Though it is largelly what “queue” and “semaphore” means semantically. Imagine you submit a semphore into the operation stream (i.e. queue). How would you even specify to the semaphore “cover this, but don’t cover that, but I want to cover this but maybe not this”. No. The concept of semaphore is pretty much the same since Dijkstra. Basically at some point in the queue SEMAPHORE_RELEASE semaphore1 op will be executed, and that’s it.

If one wanted point-to-point synchronization of sorts, there are Events. But they are no silver bullet, and IMO one has to be extra careful not to hurt himself with them (and measure). They are light in the sense they are more specific what they synchronize, but they are heavy in the sense they might have larger overhead than Pipeline Barriers.

Yeah, I totally agree. And thanks for your exaplanation.
My intention with this thread here is just to understand the specification totally right.

So is the code waiting on that semaphore waiting for the compute operation or the transfer operation?

On the transfer operation (more precisely: on the COPY)!

(Sorry, I messed the description up at one point above. It is corrected now. But I think we have clarified with this post anyways.)

If these truly are independent operations, why do you force the waiting code to wait for both of them to complete (which is what you did by putting it on the same queue)?

Yeah, that’s exactly my question: Do I force the waiting code to wait for both of them by putting them on the same queue? Even if I specify that the first synchronization scope is limited to the COPY stage (using vkQueueSubmit2)?
(And assuming that COMPUTE takes longer and furthermore assuming that the GPU/driver schedules the commands so that they are performed concurrently.)

Yeah, thanks for pointing this out – I wasn’t totally precise with my question title.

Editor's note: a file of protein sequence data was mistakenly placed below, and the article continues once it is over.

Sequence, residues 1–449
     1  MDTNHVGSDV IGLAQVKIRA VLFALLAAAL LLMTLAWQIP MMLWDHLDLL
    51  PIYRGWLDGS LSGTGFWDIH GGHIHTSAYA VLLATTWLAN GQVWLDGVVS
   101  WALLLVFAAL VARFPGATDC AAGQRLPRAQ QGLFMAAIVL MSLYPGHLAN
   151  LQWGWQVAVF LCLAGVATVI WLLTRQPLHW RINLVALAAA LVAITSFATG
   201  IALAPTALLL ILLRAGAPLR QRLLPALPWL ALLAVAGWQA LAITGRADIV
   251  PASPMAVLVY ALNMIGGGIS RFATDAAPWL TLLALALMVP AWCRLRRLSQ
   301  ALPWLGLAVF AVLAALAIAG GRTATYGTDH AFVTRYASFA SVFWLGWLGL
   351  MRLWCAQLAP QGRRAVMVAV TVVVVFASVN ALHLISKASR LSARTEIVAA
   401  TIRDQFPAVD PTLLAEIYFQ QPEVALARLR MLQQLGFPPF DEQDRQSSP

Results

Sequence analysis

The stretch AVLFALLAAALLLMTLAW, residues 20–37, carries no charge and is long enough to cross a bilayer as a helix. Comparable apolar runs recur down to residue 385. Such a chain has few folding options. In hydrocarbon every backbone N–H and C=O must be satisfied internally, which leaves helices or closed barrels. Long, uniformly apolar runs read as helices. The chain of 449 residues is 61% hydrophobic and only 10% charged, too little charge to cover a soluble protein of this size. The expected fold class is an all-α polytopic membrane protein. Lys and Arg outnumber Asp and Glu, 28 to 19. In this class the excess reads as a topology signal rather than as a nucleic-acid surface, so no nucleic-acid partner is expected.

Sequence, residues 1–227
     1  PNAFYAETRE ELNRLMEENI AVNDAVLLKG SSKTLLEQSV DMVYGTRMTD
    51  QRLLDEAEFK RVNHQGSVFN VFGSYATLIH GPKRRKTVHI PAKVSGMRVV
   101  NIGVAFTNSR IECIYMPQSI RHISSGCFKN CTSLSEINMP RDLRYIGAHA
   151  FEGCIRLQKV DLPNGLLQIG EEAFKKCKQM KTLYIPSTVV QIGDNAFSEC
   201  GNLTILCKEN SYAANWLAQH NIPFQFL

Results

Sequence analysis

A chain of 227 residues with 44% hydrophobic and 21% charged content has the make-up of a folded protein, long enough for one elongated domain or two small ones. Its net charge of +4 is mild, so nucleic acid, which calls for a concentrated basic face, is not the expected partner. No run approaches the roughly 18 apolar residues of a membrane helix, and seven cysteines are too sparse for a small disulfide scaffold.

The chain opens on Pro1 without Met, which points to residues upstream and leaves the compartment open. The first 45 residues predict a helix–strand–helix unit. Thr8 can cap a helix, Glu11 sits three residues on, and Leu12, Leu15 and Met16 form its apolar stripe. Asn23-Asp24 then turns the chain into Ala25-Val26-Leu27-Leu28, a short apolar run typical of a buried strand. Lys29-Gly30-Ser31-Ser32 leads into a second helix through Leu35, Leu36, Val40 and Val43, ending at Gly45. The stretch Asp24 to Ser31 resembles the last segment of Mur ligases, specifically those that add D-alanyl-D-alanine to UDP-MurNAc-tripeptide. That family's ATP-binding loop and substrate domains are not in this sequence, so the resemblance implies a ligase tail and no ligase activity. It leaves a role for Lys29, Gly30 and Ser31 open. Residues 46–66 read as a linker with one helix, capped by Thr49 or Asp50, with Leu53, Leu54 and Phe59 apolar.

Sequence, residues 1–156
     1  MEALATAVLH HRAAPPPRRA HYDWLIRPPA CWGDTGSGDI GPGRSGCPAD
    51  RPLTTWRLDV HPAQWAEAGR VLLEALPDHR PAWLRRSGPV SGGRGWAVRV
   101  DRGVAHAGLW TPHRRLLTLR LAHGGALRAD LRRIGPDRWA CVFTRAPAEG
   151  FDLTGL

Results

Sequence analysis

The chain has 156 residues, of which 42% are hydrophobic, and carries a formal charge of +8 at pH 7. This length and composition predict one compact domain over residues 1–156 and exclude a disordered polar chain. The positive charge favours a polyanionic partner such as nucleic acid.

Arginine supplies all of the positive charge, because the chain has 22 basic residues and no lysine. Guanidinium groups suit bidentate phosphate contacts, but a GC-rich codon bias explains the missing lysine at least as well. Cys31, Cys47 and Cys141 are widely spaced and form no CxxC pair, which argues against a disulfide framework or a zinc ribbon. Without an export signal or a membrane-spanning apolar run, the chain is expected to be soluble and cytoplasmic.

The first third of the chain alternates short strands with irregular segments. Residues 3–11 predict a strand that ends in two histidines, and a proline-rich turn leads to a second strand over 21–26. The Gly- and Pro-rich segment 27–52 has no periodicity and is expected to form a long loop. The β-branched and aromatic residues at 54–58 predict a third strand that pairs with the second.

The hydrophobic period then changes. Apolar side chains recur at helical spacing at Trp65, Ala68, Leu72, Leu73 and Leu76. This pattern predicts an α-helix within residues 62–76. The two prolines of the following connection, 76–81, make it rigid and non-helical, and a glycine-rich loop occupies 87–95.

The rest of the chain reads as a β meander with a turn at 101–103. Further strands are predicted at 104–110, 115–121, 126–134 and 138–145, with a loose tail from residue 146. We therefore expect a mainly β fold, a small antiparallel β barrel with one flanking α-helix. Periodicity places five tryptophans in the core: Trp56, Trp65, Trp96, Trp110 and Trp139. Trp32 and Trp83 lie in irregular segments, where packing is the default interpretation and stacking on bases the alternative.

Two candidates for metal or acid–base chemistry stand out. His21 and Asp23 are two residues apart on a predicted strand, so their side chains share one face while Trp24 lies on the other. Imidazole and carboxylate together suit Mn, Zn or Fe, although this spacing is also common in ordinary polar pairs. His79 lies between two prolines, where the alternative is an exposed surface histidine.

But I think, a semaphore signal operation drains everything that has been submitted to the queue before the batch with the semaphore signal operation was submitted (but not the batches that were submitted afterwards, and might already have started executing).

Do I force the waiting code to wait for both of them by putting them on the same queue?

Yes, as stated by submission order. Every previous vkQueueSubmit command is covered by submission order. So if a synchronization primitive invokes that submission order is part of its synchronization scope, then all those vkQueueSubmitions are included.

There would be some leeway in as-if principle. But in Vulkan, driver implementations are disincentivized to be too smart.

But I think, a semaphore signal operation drains everything that has been submitted to the queue before the batch with the semaphore signal operation was submitted (but not the batches that were submitted afterwards, and might already have started executing).

Not only that. Note a suspicious lack of vkAcquireNextImageKHR and vkQueueBindSparse in the specification of submission order.

There is a mundane reason for it. Swapchain might need to invoke system calls that might have nothing to do with queue. And similarly sparse is basically virtual memory, which equally might need OS calls that have no concept of Vulkan’s queue at all.

So, a semaphore signal might not include really everything that was in the queue before.

Semaphore signal of vkQueueBindSparse instead invokes a separate concept of signal operations order. So vkQueueBindSparse's implicitly covers any previously vkQueueSubmited semaphore signal, but not any batches without semaphore nor semaphore signals of previous vkQueueBindSparses.